COVID-19 Local Response Principles: Voting and Elections


  • Dana Watters
December 29, 2020 - (5 min read)

NLC is committed to providing cities, towns and villages with the tools they need to Respond, Recover and Rebuild, and has released ten new policy briefs meant to provide clear, actionable steps that municipal leaders can take to respond to the impact of COVID-19 in their communities.

The past year and the COVID-19 pandemic have reaffirmed the essential role that cities and city leaders play in ensuring free, fair, and safe elections. Many cities faced challenges as they sought to keep voters informed and engaged while also navigating the realities of the pandemic, including new demands associated with remote voting, shifting primary dates and election safety. COVID-19 has forced cities to think outside the box and, in many cases, adopt innovative solutions to making voting safe and accessible.

Beyond 2020’s global pandemic, cities will likely have to navigate future elections under challenging conditions. Fortunately, leaders can take cues from what was successful in a year of unprecedented challenges and translate innovations from across the country into long-term solutions.

Offering a variety of safe and accessible options to vote, including vote-by-mail systems and early voting opportunities.

The COVID-19 pandemic led to an unanticipated shift to voting by mail across the country. Looking ahead, city leaders can combine vote-by-mail with a full range of options for expanding participation in future elections. Looking ahead, city leaders can combine vote-by-mail with a full range of options for expanding participation in future elections.

After COVID disrupted primary elections in Michigan, cities stepped up to ensure that the general election went smoothly. The city of Detroit worked with the Pistons basketball team to unveil a ballot drop box outside the team’s stadium—one of thirty throughout the city. In partnership with Michigan’s Secretary of State, the city also opened 23 satellite voting centers prior to Election Day, where residents could register for an absentee ballot and cast their vote on the same day. In Kalamazoo, the city passed a resolution pledging to “expand voting and registration access beyond the minimum required by the Michigan Constitution,” including providing first-class return postage for all absentee ballots. And in Flint, MI, the City Clerk’s Office took on additional staff in order to handle the volume of absentee ballot requests.

Using existing municipal infrastructure, including city services and departments, to amplify voter education messages.

Even during the pandemic, municipal leaders can reach people where they are by integrating voter education messages into existing platforms already used by residents. As local leaders worked this year to meet the needs of residents impacted by COVID and the resulting economic struggles, some cities went the extra mile in order to provide access to critical resources of democracy. Working with community nonprofits and businesses, Denver, CO hosted a “We Hear You, We Got You” event to distribute essential supplies like groceries, baby formula, pet food, face masks, and voter registration forms in one stop. In Durham, NC, volunteers pitched in at a drive-through food distribution event to help attendees register to vote and make a plan.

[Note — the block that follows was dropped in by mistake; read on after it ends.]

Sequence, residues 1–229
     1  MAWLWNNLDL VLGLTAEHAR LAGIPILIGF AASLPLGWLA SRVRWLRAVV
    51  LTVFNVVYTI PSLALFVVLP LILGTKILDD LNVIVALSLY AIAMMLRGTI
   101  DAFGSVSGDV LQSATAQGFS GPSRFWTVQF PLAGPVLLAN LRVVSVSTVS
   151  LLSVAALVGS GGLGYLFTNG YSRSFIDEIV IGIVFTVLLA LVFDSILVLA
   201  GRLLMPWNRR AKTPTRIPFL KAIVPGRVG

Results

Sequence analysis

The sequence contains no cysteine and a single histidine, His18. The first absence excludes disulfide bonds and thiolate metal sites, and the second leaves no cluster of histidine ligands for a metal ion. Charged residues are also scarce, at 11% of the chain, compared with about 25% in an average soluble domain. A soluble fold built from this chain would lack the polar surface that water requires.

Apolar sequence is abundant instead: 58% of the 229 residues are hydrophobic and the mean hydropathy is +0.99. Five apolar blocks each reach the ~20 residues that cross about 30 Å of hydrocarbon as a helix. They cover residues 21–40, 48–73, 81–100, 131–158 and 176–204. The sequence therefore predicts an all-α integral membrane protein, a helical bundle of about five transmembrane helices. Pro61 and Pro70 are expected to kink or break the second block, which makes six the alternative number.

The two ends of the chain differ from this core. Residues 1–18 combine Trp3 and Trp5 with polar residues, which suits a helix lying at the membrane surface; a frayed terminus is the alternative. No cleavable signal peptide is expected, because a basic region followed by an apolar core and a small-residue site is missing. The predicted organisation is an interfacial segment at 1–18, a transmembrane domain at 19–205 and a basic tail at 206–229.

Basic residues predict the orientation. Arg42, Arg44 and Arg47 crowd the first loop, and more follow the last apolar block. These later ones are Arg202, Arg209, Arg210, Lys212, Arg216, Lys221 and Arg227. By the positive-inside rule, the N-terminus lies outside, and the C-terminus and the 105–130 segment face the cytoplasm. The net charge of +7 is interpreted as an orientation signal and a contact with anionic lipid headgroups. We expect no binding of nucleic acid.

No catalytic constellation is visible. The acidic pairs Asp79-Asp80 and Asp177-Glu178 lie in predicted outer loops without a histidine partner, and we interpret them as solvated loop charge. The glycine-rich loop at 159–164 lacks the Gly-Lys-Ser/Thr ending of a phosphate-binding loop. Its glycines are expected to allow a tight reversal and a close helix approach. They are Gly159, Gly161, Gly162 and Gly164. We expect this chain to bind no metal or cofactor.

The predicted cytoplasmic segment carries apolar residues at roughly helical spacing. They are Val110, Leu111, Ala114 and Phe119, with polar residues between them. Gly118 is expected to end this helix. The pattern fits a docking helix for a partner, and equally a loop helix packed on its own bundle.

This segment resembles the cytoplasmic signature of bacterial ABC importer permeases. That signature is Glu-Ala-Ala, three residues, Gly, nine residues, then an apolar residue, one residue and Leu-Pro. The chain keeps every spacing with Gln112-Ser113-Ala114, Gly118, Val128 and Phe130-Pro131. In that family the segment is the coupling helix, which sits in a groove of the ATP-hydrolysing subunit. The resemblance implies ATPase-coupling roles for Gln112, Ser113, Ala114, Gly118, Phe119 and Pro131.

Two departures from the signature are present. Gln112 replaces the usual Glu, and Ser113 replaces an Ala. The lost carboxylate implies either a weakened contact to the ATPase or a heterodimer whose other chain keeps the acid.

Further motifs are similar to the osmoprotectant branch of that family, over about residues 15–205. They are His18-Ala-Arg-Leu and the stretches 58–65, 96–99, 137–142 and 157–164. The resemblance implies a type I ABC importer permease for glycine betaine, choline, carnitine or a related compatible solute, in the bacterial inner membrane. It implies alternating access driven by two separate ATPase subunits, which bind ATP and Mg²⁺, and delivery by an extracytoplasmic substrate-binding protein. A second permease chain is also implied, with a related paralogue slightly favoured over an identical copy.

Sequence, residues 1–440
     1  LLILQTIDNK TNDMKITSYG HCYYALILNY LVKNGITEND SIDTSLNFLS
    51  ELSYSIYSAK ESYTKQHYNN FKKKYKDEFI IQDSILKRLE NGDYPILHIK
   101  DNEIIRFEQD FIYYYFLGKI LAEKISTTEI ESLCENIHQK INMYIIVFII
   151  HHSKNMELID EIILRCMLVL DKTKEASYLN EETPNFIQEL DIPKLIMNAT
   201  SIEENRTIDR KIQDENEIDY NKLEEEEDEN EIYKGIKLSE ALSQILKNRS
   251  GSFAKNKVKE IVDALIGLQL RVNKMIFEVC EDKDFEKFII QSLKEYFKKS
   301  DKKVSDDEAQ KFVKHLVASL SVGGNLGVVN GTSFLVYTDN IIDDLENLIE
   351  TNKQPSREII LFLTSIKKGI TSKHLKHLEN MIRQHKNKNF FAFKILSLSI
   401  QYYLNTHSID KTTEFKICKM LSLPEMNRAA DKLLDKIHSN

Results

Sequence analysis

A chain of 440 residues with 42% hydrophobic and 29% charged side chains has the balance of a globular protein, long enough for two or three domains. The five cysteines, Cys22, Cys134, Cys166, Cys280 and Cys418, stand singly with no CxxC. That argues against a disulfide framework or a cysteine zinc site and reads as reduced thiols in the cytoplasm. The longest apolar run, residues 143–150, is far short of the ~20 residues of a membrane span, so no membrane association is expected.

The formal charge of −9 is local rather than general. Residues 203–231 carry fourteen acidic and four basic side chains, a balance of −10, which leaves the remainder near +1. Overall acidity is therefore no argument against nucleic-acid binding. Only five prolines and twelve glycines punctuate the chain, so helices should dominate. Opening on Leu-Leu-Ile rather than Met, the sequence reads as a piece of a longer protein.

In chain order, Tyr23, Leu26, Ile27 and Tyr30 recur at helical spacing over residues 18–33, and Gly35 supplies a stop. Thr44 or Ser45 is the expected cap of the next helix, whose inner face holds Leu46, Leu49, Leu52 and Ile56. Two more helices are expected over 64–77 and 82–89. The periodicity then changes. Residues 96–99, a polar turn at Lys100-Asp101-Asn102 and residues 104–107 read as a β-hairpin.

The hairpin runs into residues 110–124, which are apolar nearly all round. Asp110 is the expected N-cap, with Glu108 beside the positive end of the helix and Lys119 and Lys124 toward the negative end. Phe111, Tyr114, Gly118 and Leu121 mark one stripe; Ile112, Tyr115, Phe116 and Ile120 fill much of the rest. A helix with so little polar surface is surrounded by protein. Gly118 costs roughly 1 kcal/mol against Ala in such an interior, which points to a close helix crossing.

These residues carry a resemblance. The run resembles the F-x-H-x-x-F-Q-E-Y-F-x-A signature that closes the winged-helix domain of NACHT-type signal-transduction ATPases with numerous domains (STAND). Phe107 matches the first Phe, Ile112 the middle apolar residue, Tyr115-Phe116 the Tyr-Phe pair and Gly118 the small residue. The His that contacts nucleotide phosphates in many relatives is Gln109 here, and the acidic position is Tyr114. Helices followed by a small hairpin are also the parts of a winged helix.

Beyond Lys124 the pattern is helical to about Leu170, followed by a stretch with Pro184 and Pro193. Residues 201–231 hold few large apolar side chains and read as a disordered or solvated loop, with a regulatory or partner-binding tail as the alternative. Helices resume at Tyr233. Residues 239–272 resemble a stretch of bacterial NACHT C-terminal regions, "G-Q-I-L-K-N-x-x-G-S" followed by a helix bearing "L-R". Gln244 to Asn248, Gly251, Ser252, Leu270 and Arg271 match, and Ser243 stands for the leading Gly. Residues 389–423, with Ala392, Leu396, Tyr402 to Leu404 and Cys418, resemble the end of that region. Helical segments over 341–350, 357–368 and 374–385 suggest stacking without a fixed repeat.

Educating municipal staff on cybersecurity best practices and make dual-authentication requirements standard across all agencies.

By adopting an election security plan, coordinating with local and regional partners, and standardizing protocols, municipalities can better protect against cyber threats and reassure residents that local voting systems are safe. The city of Chicago, IL launched a partnership with Verizon to ensure a secure primary election in the midst of a pandemic. Chicago was able to transfer the data after the polls closed in less than 10 minutes and publicize results by 11 p.m. on election night during the primaries.

Declaring Election Day a city holiday and supporting city employees to be poll workers.

The 2020 election has highlighted the critical role that cities play in staffing poll sites. Critical shortages of workers during primaries raised alarm bells nationwide and the pandemic necessitated a shift in the election workforce, traditionally made up by seniors who are more vulnerable to COVID-19. In Atlanta, GA, Mayor Keisha Lance Bottoms announced that city employees would have up to eight hours of paid time off to serve as poll workers and four hours of paid time off to vote. Austin, TX, declared November 3 “Let Texas Vote Day,” allowing its employees to request paid time off to vote, serve as poll workers, or participate in election-related activities. And Columbus, OH Mayor Andrew Ginther announced that city employees could volunteer as poll workers without using vacation time.

The advent of COVID-19 forced leaders at every level of government to take on new responsibilities and challenges with fewer resources and limited options for action. Though elections are traditionally administered at the county level, cities had to step in to fill critical gaps and ensure their residents were able to vote safely. While the pandemic will not be a permanent constraint on democracy, the ways in which cities acted on behalf of their residents must stay in place. Local leaders are their constituents’ most trusted advocates and can use the lessons of 2020 to invest in the future of their cities.

Learn More

View and download the ten COVID-19 Local Response Briefs to better help your communities.

About the Author

Dana Watters

About the Author

Dana Watters is the Program Manager for Local Democracy Initiative’s Cities Count and Cities Vote programs at the National League of Cities.